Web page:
Perhaps no woman of the War for American Independence lent her voice to the Revolution as passionately as Mercy Otis Warren, a female writer whose works played a critical role in supporting and promoting the Patriot cause. Born in 1728 in Barnstable, Massachusetts to Colonel James Otis, Sr. and Mary Allyne Otis, Mercy was the third of the Otis family’s thirteen children. Mercy’s father, James Otis, Sr., was a prominent attorney and judge within their community, who later became a member of the Massachusetts House of Representatives. Mercy and the other Otis children became familiar with politics from a young age, as their father was a well-known opponent of the colony’s British leadership. As a result, Mercy was well-versed in the Revolutionary ideals that would take the country by storm in the 1770s, preparing her to express her keen political insights amidst the growing Patriot movement.
As a girl, Mercy did not receive a formal education, but she was allowed to study alongside her brothers as they prepared for college. Mercy was an avid reader and writer throughout her childhood. Unlike many young girls of the colonial era, Mercy received encouragement from her father and brother to continue her academic pursuits, which included learning as much as she could about history, politics, and language. Her brother, James, attended Harvard College, where he studied alongside James Warren, who would also encourage Mercy in her literary endeavors.
Mercy married James Warren on November 14, 1754, and the couple moved to Plymouth, Massachusetts, where they raised their five sons. In Plymouth, Mercy’s husband followed in his family’s footsteps and became active in local politics, serving as sheriff and later as a member of the Massachusetts Legislature. During the early stages of the Revolution, the Warrens often hosted gatherings of political activists in their home, including members of the Sons of Liberty. Mercy supported several of the early protest movements, including the Boston Tea Party, boycotting British imports, and the Committees of Correspondence, all of which helped lay the groundwork for the Revolution.
With continued encouragement from her husband, Mercy began to put her political observations and insights into writing, all the while raising her family and tending to the Warren household. In the early days of colonial opposition to British rule, Warren produced several plays, which were published anonymously, but helped fan the flames of American Patriotism. Among Warren’s most influential works were three satirical plays that criticized British colonial leaders. “The Adulator” appeared in the Massachusetts Spy newspaper in 1772, followed by The Defeat in 1773, and The Group in 1775, each of which painted the British political agents in Massachusetts as enemies of liberty, providing propaganda for the fledgling Revolutionary movement and its early supporters.
Warren’s knowledge of the politics of the American Revolution, and her family’s close connections to many of its major players prompted Mercy to correspond frequently with Patriot leaders like Samuel Adams and Patrick Henry, as well as future presidents George Washington, Thomas Jefferson, and John Adams. Martha Washington, Hannah Winthrop, and the female British historian, Catharine Macaulay, were also among Warren’s notable correspondents. During the Revolution, Warren maintained an active correspondence and close friendship with both John and Abigail Adams. Though her relationship with John Adams was fraught with disagreement over the best courses of political action for the new republic, especially after her criticism of his politics in her history of the American Revolution, the pair reconciled by the end of their careers.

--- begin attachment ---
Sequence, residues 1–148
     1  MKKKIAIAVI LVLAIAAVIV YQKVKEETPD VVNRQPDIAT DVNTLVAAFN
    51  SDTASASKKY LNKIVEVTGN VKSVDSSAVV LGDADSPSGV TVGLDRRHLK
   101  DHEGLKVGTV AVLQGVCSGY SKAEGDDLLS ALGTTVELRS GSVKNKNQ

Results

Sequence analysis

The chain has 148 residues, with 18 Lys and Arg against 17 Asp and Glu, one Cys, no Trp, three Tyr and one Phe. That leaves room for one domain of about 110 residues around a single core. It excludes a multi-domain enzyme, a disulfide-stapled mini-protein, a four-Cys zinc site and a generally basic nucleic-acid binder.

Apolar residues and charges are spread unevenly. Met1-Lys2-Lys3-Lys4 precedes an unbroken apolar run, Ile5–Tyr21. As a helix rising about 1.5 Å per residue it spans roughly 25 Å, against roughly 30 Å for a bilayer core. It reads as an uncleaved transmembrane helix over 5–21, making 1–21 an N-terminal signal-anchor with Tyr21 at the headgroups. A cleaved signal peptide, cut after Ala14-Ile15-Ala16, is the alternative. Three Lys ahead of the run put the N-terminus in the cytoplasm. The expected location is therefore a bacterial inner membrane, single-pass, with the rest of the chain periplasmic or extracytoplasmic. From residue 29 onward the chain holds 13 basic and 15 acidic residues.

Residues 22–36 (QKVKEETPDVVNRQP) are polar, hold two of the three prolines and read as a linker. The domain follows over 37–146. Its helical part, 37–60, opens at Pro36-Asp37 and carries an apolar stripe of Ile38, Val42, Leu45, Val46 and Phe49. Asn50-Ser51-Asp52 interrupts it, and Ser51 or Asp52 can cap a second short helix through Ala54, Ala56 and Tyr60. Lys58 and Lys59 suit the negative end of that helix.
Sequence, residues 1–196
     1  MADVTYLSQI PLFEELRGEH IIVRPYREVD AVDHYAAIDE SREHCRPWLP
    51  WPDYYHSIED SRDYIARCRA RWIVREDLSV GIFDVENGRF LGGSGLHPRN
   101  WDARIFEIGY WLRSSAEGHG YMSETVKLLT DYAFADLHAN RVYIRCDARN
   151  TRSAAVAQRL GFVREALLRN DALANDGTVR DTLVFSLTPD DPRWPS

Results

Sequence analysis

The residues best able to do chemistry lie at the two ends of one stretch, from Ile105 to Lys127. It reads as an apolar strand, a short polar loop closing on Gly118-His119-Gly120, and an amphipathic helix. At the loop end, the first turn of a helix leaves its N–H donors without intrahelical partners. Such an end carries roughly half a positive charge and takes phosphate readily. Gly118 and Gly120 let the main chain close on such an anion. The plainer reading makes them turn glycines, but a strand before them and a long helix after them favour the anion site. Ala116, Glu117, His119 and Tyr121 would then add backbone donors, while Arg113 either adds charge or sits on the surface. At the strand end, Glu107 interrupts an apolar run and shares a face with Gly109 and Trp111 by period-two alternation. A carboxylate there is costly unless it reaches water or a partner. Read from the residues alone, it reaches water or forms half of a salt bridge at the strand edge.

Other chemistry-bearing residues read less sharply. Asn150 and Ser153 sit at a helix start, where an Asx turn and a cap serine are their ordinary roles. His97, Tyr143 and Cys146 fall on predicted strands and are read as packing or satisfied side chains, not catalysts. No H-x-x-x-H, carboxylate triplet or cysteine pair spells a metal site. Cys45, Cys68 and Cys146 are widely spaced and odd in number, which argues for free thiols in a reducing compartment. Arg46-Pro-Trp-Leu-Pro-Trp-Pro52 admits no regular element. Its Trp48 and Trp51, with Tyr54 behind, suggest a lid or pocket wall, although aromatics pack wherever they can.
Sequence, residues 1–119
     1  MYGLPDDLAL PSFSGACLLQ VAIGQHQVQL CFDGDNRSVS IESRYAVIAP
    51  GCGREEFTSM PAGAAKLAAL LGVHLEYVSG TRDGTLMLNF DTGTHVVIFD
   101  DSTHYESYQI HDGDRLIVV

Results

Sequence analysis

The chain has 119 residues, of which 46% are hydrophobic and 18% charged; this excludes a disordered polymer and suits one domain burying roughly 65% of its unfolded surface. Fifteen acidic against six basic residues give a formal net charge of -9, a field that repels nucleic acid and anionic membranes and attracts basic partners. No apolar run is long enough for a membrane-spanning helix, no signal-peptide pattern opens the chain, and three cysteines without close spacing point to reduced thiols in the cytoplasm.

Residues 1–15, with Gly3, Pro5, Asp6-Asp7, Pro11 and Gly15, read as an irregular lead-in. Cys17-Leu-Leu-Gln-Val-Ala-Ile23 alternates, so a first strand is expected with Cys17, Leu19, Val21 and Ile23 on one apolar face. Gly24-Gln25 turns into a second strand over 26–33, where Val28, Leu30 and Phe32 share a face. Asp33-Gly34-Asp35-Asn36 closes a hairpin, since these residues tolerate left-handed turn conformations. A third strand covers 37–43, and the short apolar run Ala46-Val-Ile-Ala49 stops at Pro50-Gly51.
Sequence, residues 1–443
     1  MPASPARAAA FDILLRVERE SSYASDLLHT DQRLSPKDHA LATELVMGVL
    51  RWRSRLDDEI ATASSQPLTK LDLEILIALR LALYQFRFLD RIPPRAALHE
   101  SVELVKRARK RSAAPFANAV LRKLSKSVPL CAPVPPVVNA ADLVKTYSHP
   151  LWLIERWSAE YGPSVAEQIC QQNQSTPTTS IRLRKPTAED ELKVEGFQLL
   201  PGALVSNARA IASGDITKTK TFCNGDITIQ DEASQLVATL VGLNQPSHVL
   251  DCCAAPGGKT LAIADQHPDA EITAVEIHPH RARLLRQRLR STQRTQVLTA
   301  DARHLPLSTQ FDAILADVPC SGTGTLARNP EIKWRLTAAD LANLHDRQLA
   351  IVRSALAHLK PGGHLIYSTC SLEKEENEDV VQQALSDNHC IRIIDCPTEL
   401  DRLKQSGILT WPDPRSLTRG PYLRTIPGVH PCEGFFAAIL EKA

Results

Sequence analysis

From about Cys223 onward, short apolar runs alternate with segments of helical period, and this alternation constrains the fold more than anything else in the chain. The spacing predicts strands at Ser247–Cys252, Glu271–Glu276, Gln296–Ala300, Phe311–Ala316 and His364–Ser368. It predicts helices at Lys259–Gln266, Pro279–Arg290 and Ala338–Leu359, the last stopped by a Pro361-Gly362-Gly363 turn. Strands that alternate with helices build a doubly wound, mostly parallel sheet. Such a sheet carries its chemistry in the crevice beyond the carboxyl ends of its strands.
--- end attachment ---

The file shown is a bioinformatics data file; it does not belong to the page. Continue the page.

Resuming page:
Warren’s literary career did not end with the American victory in the War for Independence but continued through the foundation of the government under the United States Constitution and into the first years of the early republic. Mercy’s writings often reflected her staunch advocacy for natural rights. During the Constitutional Conventions of the late 1780s, Warren produced a pamphlet titled Observations on the new Constitution, and on the Federal and State Conventions, under the alias of “A Columbian Patriot.” The pamphlet, originally believed to have been the work of Elbridge Gerry, opposed ratification of the Constitution without an accompanying Bill of Rights. In 1790, Mercy published a book of political poems and short plays called Poems, Dramatic and Miscellaneous, making her one of the first American women to publish literary works in her own name. Warren completed History of the Rise, Progress and Termination of the American Revolution in 1805, making her the first woman to write a history of the Revolution.
Mercy Otis Warren died in 1814, at age eighty-six, at her home in Plymouth. She maintained a correspondence with many of her friends and political allies while remaining active in her literary pursuits until the end of her life. Warren represented one of the first major female writers in American history. In addition to transcending the role typically allotted to women of the colonial era, Warren’s intellectual and political savvy set her apart as an important literary force of the Revolution. Though she was a woman, Warren reached a broad audience with her writing and political insight, inspiring her fellow colonists’ to adopt the Patriot cause, and contributing to the American Revolution in her own unique way. Today, Mercy Otis Warren has been commemorated for her contributions to the American Revolution by being made a part of the National Women’s Hall of Fame, the Boston Women’s Heritage Trail, and the namesake for the SS Mercy Warren.
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